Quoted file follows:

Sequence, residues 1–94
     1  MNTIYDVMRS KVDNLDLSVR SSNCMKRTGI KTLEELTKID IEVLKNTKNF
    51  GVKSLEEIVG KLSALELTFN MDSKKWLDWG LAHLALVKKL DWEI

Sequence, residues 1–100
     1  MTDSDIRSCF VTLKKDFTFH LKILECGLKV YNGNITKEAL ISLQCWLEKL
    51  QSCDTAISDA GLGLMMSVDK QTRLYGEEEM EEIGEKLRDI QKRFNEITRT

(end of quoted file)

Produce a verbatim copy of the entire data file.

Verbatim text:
Sequence, residues 1–94
     1  MNTIYDVMRS KVDNLDLSVR SSNCMKRTGI KTLEELTKID IEVLKNTKNF
    51  GVKSLEEIVG KLSALELTFN MDSKKWLDWG LAHLALVKKL DWEI

Sequence, residues 1–100
     1  MTDSDIRSCF VTLKKDFTFH LKILECGLKV YNGNITKEAL ISLQCWLEKL
    51  QSCDTAISDA GLGLMMSVDK QTRLYGEEEM EEIGEKLRDI QKRFNEITRT